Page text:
On Conferences — Random Talks and Going Solo

“So…what’s that got to do with Rails?”

This was perhaps the third time in one day that I’d been asked this question by a prospective attendee to my talk. I was speaking at RailsConf and my talk was entitled ‘Playing Games In The Clouds’.

It wasn’t about Rails. It was about how game theory applied to distributed systems. It was born out of a lightning talk that I’d given at a local meetup some months earlier.

Having this question posed towards me again and again made me anxious that ten minutes into my talk, once it had dawned on them that there were no Ruby or Rails code examples coming up, half of the audience would get up and leave. They had paid to come to a conference all about Rails to ramp up on that framework and my talk just didn’t factor into that plan.

Of course, in the end, it was all fine. Many people at the conference were sufficiently curious that they turned down the opportunity to listen to talks more on point in order to see what this game theory thing was all about. In fact, speaking about something that was very much “not Rails” in the middle of a large Rails conference worked in my favour. I’ve always been a fan of talks that don’t quite fit into the theme. I think it’s important in our software communities that we stay open minded to new ideas: learning something random together is fun and we can always find, within these seemingly tangential topics, lessons to help us become better developers and better people.

If you’ve got thirty minutes, have a watch of my talk. It probably won’t turn you into a better person, but I hope you find at least one interesting takeaway:

If you’re interested in having a closer look at the slides, I’ve put them up on Speaker Deck. I always welcome any feedback, comments, or questions.

If you have an opportunity to go to a conference alone, do it! It may be tempting to invite somebody else but you really unlock the full benefits of attending a conference when you go alone. This is the case whether you consider yourself a shy or introverted person or not. For example, I have no issue striking up a conversation with people I don’t know, but when you’ve got a friend or colleague with you it becomes very easy not to bother introducing yourself to new people and you may find yourself compromising on what sessions you want to go to — and you may not realise that that’s what’s happening. It’s also easier to engineer time alone to sit and reflect on a talk you’ve just seen or a conversation you’ve just had. Next time you’re mulling over booking tickets to a conference you’re keen to go to, buy a ticket for yourself, put the dates in your diary, and just go!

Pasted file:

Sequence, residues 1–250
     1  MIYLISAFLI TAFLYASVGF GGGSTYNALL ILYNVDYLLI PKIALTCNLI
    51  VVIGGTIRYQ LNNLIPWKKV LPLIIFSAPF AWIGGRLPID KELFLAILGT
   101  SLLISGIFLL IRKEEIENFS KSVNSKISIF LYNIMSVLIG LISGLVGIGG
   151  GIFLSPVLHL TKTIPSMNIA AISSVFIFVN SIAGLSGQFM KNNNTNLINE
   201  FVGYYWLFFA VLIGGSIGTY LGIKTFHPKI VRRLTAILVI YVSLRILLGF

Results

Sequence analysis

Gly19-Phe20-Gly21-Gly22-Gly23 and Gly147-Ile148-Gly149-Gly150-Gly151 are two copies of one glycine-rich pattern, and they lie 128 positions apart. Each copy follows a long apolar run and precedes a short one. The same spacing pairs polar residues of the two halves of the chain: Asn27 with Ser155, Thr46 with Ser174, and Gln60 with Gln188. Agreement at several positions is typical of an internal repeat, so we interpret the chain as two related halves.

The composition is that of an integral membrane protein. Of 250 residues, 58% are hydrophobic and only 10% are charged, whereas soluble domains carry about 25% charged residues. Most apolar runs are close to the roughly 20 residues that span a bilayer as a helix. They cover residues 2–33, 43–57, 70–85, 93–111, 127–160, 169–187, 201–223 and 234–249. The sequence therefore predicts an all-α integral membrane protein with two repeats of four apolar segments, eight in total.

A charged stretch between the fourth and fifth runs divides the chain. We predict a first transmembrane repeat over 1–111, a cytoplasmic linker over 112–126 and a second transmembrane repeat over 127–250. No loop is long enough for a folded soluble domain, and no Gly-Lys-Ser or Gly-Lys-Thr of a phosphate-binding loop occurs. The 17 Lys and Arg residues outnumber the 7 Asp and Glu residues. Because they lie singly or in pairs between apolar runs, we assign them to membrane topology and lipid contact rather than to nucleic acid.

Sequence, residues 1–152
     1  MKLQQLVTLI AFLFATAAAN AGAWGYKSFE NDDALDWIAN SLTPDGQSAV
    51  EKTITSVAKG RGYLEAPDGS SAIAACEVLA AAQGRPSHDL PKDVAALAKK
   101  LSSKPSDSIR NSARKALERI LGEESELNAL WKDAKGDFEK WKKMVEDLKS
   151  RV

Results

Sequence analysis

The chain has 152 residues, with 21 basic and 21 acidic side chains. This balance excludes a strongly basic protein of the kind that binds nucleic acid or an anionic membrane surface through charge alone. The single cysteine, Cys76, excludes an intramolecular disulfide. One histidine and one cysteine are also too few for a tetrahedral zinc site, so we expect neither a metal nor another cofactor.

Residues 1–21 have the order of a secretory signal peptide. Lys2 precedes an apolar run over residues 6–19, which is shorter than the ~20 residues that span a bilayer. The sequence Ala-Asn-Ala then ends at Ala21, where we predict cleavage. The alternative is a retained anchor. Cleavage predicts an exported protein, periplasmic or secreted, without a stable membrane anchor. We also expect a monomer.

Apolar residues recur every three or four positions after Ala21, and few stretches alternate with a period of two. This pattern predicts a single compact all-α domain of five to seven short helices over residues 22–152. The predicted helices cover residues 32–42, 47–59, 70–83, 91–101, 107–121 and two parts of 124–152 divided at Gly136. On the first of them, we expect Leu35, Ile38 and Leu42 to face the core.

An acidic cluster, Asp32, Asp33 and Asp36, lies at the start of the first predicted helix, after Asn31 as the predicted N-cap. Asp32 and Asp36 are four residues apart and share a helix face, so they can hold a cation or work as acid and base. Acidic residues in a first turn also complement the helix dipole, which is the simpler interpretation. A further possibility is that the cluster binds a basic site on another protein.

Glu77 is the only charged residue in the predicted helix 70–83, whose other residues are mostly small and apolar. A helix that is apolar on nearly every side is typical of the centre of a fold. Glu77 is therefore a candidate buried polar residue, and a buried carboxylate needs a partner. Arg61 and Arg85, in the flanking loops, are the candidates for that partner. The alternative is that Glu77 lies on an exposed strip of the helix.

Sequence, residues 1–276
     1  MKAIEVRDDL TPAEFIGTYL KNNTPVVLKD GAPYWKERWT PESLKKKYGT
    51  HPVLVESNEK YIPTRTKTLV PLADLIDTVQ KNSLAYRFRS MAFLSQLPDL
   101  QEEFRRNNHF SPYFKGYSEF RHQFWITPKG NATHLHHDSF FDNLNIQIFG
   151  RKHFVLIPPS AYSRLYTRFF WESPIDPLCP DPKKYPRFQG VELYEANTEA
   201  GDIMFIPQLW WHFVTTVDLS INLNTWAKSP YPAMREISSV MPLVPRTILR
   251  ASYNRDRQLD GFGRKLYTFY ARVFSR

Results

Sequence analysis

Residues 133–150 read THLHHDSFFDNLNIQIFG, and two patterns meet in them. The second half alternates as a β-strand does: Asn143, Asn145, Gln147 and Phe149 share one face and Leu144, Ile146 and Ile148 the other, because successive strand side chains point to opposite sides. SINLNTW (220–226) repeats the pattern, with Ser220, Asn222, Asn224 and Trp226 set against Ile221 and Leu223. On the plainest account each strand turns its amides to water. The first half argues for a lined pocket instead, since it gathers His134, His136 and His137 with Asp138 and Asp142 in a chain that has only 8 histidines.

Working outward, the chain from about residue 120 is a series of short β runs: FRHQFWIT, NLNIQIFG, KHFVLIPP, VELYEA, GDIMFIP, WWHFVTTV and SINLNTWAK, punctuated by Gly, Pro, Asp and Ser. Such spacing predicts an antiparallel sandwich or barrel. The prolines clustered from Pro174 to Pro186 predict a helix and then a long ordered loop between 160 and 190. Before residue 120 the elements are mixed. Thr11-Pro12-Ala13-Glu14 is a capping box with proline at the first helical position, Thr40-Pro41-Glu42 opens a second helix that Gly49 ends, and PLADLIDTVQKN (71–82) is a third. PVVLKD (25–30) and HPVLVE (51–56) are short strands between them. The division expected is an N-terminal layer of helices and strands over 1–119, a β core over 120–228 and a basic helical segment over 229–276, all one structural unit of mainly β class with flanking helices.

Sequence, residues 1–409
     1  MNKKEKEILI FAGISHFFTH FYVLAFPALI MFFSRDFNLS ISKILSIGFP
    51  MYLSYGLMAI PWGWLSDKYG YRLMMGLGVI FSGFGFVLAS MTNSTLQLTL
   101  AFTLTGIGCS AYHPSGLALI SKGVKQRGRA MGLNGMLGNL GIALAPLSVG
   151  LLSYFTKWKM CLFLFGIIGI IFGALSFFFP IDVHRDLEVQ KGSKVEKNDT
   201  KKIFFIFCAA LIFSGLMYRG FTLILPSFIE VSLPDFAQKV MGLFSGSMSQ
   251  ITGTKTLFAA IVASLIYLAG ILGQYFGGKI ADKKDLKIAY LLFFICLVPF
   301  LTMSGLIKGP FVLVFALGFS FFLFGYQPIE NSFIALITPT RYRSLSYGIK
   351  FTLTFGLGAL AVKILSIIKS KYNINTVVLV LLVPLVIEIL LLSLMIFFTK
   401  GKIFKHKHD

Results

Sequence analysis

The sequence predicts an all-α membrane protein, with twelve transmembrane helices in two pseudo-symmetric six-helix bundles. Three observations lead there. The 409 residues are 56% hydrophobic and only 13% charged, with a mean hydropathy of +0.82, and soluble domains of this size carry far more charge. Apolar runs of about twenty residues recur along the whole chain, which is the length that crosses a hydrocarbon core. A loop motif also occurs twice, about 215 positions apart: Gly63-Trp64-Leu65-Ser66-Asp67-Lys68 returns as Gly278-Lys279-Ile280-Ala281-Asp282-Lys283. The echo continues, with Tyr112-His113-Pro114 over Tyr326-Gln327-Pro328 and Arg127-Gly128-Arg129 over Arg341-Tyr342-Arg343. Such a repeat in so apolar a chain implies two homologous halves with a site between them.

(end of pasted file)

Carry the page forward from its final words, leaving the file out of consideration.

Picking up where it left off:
I’m going to leave you with my top three talk highlights from the conference. Watch each of them from the beginning to the end. I’m so glad I got to see these talks live though watching them online won’t leave you disappointed. If you are, I want to hear from you:

Amelia Bedelia Learns to Code — Kylie Stradley

What If Shakespeare Wrote Ruby? — Adam Cuppy

Sometimes a Controller is just a Controller — Justin Searls

Getting involved in the conference circuit has been very exciting and I’m looking forward to speaking at GORUCO and Brighton Ruby later on this year, as well as helping to organise RubyConf. If you’re interested in getting into speaking then drop me a line. I’m happy to chat about submitting a good proposal and preparing for talks.

My ‘trick’ for everything is to ask for feedback as early as possible. That’s what I did with my proposal and the talk itself. On both occasions I had lots of improvements to do and it’s hard not hearing what you want to hear, but getting that early feedback helped me to write a successful proposal and deliver a successful talk. As they say: if you’re not embarrassed, you didn’t release early enough. It may be scary, but sharing your ideas/presentations/writing early to people that you trust to provide you with good advice gives your work the chance to evolve into something great.

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